When the weather is lovely, outdoor cooking is an absolute delight. Barbecue nights are one of the best parts of summertime.
Whether it’s on a fire pit or a charcoal grill, nothing beats eating smoking hot barbecued meat. If you want your barbecued food to properly retain the smokey flavor, use a smoker.
Different from a charcoal grill, a charcoal smoker is most commonly used for smoking food. In a traditional charcoal smoker, the food is cooked over burning coal. Wood pellets or chips are often added to enhance the flavor. However, controlling that heat is difficult.
Here’s where propane smokers come in. With these easy to use gas smokers, you can control the temperature and cook delicious smoked food.
What is a Propane Smoker?`
Propane smokers are a type of gas smoker that runs on propane. They are more portable than electric smokers, which need an electric connection. You don’t need a natural gas line to operate them. They are an affordable and useful addition to your cooking tools.
They are often vertical units and come with multiple racks for cooking a few items at once. Lights up immediately and you can control the heat. There is a pan above the burner to burn your wood chips or pellets.
They are easy to use and comparatively safe. They do not take too much space and are easy to clean. There are a variety of options for propane smokers, with special features setting them apart.
How does it work?
Propane smokers have a few common components. We have the burner that creates the heat to cook your food. On top of the burner, there is a pan where you put the chips or pellets of wood that flavors your food.
There is always a place for a water pan to regulate the temperature and keep your food moist during the heating process. This pan is usually found between the wood pan and the smoking area.
First, fill the water pan. Attach the propane tank pipe to the smoker and turn it on. If it does not light up on the first try, don’t try again. You must close the supply and let the gas clear up first.
Always practice caution when using a propane smoker. After the burner is lit, be careful not to touch the insides of your smoker with bare hands.
After lighting it up, adjust the temperature. Let the smoker preheat for five to ten minutes to make the temperature stable. Make sure the vents or chimney damper is adjusted.
Next you add wood chips to the tray. Soaking your wood is optional, but it prevents your wood from catching fire quickly.
Understand Which Smoker is Right for You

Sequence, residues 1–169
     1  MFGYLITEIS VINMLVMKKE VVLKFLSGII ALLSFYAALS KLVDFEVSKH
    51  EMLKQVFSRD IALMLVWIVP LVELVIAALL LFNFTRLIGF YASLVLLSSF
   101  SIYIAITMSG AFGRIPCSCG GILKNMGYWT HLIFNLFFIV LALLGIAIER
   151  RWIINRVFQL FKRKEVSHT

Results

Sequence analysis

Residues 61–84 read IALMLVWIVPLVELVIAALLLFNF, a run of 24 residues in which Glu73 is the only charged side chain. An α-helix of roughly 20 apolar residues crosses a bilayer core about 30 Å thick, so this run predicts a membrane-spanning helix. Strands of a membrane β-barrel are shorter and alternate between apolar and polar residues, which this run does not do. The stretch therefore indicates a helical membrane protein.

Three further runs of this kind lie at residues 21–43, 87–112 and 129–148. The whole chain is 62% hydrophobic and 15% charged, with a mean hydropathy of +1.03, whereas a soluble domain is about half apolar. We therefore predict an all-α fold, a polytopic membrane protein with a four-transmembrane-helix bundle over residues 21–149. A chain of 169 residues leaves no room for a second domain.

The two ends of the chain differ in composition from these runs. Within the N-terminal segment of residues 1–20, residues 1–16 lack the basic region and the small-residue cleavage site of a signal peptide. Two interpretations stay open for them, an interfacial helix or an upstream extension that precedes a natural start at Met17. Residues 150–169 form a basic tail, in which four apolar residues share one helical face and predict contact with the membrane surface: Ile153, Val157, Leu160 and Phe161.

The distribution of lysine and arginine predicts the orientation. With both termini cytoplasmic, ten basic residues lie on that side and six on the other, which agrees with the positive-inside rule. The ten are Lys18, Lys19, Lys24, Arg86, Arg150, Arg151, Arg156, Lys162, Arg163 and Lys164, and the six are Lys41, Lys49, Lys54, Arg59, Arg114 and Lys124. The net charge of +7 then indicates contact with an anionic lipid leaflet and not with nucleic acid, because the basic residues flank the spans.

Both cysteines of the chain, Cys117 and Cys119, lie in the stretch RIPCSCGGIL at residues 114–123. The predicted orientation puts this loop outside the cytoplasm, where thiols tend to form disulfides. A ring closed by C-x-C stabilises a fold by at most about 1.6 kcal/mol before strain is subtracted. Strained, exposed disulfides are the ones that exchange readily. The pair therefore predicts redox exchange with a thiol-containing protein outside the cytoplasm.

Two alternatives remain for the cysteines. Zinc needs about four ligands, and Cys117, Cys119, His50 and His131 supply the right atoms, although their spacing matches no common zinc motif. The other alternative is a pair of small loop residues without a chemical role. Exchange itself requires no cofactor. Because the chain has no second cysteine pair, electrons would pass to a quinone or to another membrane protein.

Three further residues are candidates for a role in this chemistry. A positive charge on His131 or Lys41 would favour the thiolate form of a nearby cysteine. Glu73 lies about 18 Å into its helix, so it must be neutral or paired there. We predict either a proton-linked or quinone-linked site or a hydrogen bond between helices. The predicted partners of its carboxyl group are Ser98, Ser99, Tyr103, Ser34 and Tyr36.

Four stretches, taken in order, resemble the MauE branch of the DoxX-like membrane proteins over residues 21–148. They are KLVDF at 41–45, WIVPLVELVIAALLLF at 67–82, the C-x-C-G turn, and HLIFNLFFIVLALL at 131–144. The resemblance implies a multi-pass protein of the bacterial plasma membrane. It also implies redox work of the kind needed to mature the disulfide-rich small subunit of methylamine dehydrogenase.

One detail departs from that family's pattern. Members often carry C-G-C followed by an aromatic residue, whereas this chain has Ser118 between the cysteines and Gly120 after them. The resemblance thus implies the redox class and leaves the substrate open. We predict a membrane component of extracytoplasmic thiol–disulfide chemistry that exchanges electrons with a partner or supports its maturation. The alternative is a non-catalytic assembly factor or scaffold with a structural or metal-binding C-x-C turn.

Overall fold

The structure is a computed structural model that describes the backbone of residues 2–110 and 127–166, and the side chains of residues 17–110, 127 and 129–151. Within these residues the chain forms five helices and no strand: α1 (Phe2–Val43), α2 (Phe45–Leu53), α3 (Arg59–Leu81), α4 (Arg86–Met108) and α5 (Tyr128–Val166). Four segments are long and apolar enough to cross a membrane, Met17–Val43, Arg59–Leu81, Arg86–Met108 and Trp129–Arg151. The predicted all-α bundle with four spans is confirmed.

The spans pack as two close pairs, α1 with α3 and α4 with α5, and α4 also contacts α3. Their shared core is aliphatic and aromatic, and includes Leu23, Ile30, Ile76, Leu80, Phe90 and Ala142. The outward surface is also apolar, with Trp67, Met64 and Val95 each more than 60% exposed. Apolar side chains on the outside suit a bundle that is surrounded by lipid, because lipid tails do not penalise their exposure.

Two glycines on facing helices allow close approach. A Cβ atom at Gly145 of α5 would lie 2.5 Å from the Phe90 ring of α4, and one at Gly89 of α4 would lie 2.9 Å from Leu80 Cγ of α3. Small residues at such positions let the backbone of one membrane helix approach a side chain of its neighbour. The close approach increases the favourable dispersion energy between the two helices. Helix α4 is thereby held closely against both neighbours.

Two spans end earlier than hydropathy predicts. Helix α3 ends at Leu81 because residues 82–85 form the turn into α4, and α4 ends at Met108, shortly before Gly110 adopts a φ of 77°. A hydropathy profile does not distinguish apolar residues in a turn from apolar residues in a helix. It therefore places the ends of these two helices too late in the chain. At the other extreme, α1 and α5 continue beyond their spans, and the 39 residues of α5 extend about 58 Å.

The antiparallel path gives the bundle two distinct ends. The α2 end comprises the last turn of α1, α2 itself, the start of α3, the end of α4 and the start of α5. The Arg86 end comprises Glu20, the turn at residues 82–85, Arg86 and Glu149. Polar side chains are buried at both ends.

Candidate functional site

Carefully assess which smoker will be right for you. If you frequently cook for large parties, you need a smoker that has the capacity to cook a large batch. Opt for a smaller one, if you only cook for a handful of people.
Price and quality tend to go hand in hand, so it is better to spend a few more bucks and get a decent smoker. If you wanna cook big pieces of meat, try to get a smoker with adjustable shelves.
Try getting one of the vertical smokers, as they are easier to use. Getting one with separate doors for the water pan or wood pan shelves is better as you lose less heat while resupplying.
Five Tips for Using a Propane Smoker
Once you follow the process mentioned above, your burner is ready for use. Marinate your food before you start the smoker so that you don’t feel the need to hurry later.
Keep your eyes on the wood and water, as either of these burning up might result in your food not getting smoked properly. These five tips will give you deliciously smoked food.
Keep Your Propane Smoker Clean
Smoker maintenance is not just about food hygiene. If you don’t clean the build-up in your smoker, it will rust. Clean your smoker after use to ensure that it stays functional for a long time.
Wait for your smoker to cool down. Always wear gloves because the interior can get super greasy. Start with the smoking chamber.
Use a grill cleaning brush to scrape bits of food from a grill. Try to oil the grill lightly before using to avoid hardship during cleaning.
First sweep out the food bits and ash build up. Clean with a sponge using nothing but warm, soapy water. Clean the pans and door with that too. Wipe down with a clean dry cloth when cleaning ends.
Know What Hardwood to Use
If you choose your hardwood carefully, you can achieve perfectly smoked food. The simplest rule to remember is using heavily fragrant wood for smoking meat while using mild, aromatic ones for nonmeat items.
For smoking poultry, opt for using cherry, apple, peach, maple, olive, pecan, or mulberry. Most wood from fruit trees has a mild, fruity fragrance that goes well with birds and small game meat.
For smoking fish, try using Alder, which is often used for smoking salmon.
Mulberry and untreated cedar go well with fish too. Apple suits some seafood as well.
While apple, cherry, oak, and pecan goes well with all meat, think of using hickory for pork. Strongly fragrant mesquite and walnut go deliciously well with red meat.
Using the Water Pan
The water pan in the smoker is generally used to keep the inside humid to get soft, moist meat. However, you can use the water pan to catch your drips from the grill to make a delicious gravy.
If you want to make a gravy, you can use fruit juice like orange, cranberry, cherry, etc, or cider in the water pan. If you used the marinade on your meat, you can also use that in the pan with added water if the quantity is small.
Keep refilling to ensure the liquid in your water pan doesn’t dry up. After the smoking is done, use that liquid to make your gravy.
Choose the Right Temperature
Smoking is a slow process of cooking, so your food will cook at a certain temperature for a few hours.
For poultry, the safest cooking temperature is 165ºF. For cooking red meat, the most suitable temperature is from 200ºF to 220ºF. For smoking fish try 175ºF or at max 200ºF.
Your propane smoker will give you perfectly smoked dishes. It is portable and easy to use. Get one today for the best-smoked dishes for every occasion.